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People groan about layovers, and we can’t help but wonder why. The longer the layover, the more likely it is that we’ll be able to leave the airport and explore! With the inexpensive flights we love often come lengthy layovers—and here are a few of the best layover cities in Europe for making the most of it.

London, England

Pedro Szekely, http://bit.ly/2ckCCIc, Attribution CC BY 2.0

Photo: London | Pedro Szekely, Flickr

Aww, poor you! Do you have a long ol’ layover in London? Just kidding! You’re so lucky—not only is London’s Heathrow a paradise for shoppers (there’s an 11,000 sq ft Harrods inside), but you’re just a 15-minute train ride on the Heathrow Express to central London. What to do with your limited time? Take it from us: Just pick an area and start walking. London is so huge that it’s easy to get overwhelmed if you try to plan too much, but there’s so much to see and do that any direction you pick will yield some serious treasures. A good place to start is the famous St. Paul’s Cathedral; gaze in awe at its ornate golden ceilings before heading across the street to Tate Modern for a dose of contemporary art. Afterwards, you’ve earned a snack, and the place to get it is Borough Market, where the restaurants and shops are open all week and there’s a farmer’s market on the weekends. If you’ve still got some time left, grab a pint at one of the hundreds of neighborhood pubs and just watch the world go by.

Paris, France

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Oui, you can take awhirlwind trip to Paris! Just a 45-minute train ride from Charles de Gaulle Airport will bring you to the massive Châtelet-Les Halles station, where you can store your luggage for a small fee and transfer to any neighborhood you like! Like London, Paris is too sprawling to try to conquer it in less than a day, so pick a single area to wander through and soak up the Parisian lifestyle. We recommend heading to Ile de la Citie, the hopelessly romantic island of Paris, which has the Notre Dame Cathedral at its tip. Drape yourself along the bridges and watch the boats slide by, then wander until you find a cafe (it won’t take long, we promise). Sit down, order a cafe creme, and weigh your options: Sunset boat tour along the Seine? Or postpone your flight indefinitely?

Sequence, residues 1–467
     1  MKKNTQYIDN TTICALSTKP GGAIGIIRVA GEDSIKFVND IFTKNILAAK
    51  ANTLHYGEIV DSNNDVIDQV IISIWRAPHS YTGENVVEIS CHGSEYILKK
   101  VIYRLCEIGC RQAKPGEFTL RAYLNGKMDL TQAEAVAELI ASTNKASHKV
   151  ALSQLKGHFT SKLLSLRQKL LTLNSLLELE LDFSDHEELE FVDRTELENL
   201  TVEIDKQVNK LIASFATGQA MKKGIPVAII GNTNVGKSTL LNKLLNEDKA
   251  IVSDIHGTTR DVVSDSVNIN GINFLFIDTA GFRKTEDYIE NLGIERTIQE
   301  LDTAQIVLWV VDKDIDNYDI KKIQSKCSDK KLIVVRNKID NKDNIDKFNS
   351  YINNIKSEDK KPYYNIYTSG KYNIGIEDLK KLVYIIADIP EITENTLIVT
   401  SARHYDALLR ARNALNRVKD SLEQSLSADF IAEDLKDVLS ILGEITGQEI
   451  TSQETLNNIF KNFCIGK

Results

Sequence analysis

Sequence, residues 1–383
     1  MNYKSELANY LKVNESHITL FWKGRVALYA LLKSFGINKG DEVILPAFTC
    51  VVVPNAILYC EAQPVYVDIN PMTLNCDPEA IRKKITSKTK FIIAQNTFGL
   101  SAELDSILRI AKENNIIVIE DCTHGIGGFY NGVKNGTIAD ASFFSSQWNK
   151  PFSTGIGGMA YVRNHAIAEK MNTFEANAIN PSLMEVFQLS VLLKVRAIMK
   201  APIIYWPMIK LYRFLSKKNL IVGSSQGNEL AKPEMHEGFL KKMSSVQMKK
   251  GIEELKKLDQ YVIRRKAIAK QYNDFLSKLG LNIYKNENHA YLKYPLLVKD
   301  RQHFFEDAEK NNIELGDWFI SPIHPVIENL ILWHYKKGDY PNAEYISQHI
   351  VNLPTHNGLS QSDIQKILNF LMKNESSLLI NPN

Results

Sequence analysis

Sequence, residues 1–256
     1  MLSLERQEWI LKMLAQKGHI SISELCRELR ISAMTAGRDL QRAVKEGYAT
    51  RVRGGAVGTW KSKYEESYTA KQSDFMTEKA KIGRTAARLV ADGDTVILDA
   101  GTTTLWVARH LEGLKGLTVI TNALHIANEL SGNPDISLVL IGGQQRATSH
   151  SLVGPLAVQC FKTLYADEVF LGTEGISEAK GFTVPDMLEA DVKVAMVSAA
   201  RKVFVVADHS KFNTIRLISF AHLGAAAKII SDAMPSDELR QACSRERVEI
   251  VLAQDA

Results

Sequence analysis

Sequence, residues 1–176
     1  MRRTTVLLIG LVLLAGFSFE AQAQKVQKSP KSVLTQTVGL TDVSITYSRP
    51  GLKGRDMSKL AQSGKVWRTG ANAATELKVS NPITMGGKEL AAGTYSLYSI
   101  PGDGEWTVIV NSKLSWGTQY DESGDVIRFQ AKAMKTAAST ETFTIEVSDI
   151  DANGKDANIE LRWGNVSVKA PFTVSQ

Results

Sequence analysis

Amsterdam, Netherlands

Moyan Brenn, http://bit.ly/2czKvvi, Attribution CC BY 2.0

Photo: Amsterdam | Moyan Brenn, Flickr

Amsterdam is a fantastic city for long layovers—you’re a 20-minute train ride from Amsterdam Central Station, where you can store your luggage, and hello: This is a seriously fun city, with an active nightlife and interesting museums. If you arrive in the evening, the infamous Red Light District is a quick walk from the station; by day, don’t miss renting a bike and pedaling along the city’s beautiful canals like the locals. Make time to stop for cafes! But keep in mind: When in Amsterdam and inneed of coffee, ask for a cafe—asking for a coffee shop will get you directions to the nearest marijuana shop. And if you only have time to see one major sight, make it the Anne Frank House, the truly moving museum that chronicles one Jewish family’s experience during the Holocaust.

Istanbul, Turkey

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There’s so much shopping and dining just outside your gate in Istanbul that you may never want to leave the airport. That said, even beyond those airstrips, Istanbul is heaven for layovers. Everyone who leaves the airport has to pay a $20 visa fee, but after that, it’s simple to hop on an express bus. Once out of the airport, check it out: You’re in an ancient city, a cross between East and West, and spindly minarets puncture the skyline everywhere you look. Don’t miss sightseeing at the famous Blue Mosque, and check out the Grand Bazaar—it’s as fascinating today as it was centuries ago. Stop to have a drink of raki, Turkey’s anise-flavored national drink, and if there’s time, book a boat tour on the gorgeous Bosphorus river.

Venice, Italy

Gondolas in the canals in Venice. Surely this is the prettiest of the best layover cities.

Photo: Venice | Moyan Brenn, Flickr